Since 1987, Parade magazine has tracked the eating, food shopping and diet habits of Americans in an annual survey.
In the first of a three-part HealthWatch series, The Early Show takes a look at the results of Parade's 2005 survey called "What America Eats."
"I think the headline is 'People are getting the message,' " magazine senior editor Fran Carpentier tells co-anchor Harry Smith. "They're getting the message that what you eat is really such a component of a healthy life, and a good life, and maybe even preventive in terms of disease and illness."
This national mail survey was done in March with 2,088 adults between the ages of 18 and 65.
"When we look at what they're doing, there have been a lot of improvements but it's kind of a mixed bag," Carpentier says. "I think we talk a good game better than we're playing it."
Summarizing the findings, Carpentier says, "If you ask the average American what you want to eat, he would say the same only better."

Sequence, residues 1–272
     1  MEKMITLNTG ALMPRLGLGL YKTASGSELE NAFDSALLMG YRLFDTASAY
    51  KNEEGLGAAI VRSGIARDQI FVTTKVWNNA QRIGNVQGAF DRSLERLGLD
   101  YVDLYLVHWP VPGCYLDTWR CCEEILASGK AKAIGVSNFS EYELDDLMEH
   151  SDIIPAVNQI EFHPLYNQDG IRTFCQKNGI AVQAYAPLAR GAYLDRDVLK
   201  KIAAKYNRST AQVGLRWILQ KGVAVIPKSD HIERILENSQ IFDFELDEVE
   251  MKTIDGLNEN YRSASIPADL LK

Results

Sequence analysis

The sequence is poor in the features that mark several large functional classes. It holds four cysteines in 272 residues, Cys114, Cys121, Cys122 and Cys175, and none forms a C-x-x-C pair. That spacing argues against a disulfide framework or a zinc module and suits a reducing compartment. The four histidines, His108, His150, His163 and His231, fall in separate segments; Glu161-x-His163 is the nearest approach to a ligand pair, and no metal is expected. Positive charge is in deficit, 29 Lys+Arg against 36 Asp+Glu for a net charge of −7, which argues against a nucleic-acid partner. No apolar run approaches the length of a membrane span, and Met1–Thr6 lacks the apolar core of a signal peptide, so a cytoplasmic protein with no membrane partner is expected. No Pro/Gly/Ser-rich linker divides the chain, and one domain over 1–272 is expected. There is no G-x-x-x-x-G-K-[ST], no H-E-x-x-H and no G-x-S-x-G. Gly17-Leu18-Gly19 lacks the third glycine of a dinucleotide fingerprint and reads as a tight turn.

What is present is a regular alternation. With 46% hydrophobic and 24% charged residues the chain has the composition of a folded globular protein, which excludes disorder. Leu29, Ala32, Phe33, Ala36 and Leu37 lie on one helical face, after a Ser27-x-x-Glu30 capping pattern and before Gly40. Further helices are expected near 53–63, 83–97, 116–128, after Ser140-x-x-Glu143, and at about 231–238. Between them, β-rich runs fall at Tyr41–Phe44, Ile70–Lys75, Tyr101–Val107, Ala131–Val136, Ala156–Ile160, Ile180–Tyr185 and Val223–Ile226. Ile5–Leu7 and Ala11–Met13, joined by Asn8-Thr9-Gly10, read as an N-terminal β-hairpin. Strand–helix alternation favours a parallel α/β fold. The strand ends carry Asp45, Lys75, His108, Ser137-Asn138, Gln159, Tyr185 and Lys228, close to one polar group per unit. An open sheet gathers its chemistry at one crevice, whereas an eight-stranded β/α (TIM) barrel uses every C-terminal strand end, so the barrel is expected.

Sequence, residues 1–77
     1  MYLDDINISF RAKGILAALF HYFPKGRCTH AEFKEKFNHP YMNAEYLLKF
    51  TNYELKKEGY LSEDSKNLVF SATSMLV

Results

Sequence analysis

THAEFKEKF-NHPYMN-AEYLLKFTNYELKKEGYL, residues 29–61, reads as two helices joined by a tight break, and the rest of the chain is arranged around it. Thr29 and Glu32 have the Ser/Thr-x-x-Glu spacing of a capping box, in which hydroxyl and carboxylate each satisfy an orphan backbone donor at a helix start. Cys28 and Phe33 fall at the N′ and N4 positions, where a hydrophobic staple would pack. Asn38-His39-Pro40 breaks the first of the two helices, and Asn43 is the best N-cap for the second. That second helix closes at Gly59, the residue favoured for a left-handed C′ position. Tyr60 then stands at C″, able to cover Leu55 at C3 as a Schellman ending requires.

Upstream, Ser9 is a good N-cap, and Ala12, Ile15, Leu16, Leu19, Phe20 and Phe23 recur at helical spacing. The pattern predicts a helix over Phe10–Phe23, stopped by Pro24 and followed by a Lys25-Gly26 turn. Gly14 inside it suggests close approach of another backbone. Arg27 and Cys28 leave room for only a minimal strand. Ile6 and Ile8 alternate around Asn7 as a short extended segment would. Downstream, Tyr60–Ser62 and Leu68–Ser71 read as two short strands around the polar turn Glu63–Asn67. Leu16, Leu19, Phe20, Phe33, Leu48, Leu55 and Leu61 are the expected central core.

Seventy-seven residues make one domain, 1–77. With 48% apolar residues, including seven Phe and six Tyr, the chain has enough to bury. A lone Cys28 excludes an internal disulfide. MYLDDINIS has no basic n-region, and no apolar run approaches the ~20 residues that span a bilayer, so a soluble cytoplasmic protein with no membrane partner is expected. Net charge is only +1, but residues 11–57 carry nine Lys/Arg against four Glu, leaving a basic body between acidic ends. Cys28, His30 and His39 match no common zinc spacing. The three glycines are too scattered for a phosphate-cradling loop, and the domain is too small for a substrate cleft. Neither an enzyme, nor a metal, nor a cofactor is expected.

Of those surveyed 84 percent say they try to eat a well-balanced diet; 77 percent say they lead a healthy lifestyle by eating more vegetables, salad and chicken; and fruit is the No. 1 snack among adults (76 percent).
Yet Americans still have that "reward" mentality — 87 percent eat dessert one or more times per week.
One in four pays no attention to nutritional facts and figures. And more than half of those surveyed (59 percent) are familiar with the USDA food pyramid but don't really follow it. A quarter of them (26 percent) are not even aware that new dietary guidelines and food pyramid were released in January.
The biggest changes are that Americans are not dieting — only 25 percent are currently on diets to lose weight. But they are making lifestyle changes such as eating smaller portions and reducing sugar intake.
People do not want to be regimented or structured, and don't want to deny the occasional carb, fast-food lunch or dessert. Most (76 percent) say eliminating an entire food group from one's diet is unhealthy.
The survey also found that Americans are leaning more heavily on convenience foods. Fifty-one percent now consider "homemade" to include frozen veggies and bagged salad. 21 percent eat cereal for dinner two times per week. And even holidays are not immune: 34 percent would prefer to cater holiday meals or go out to eat.
Only 4 percent avoid preservatives, processed and fast foods. "There really are not very many Americans who are kind of hard core in terms of making the best decisions," Carpentier says.
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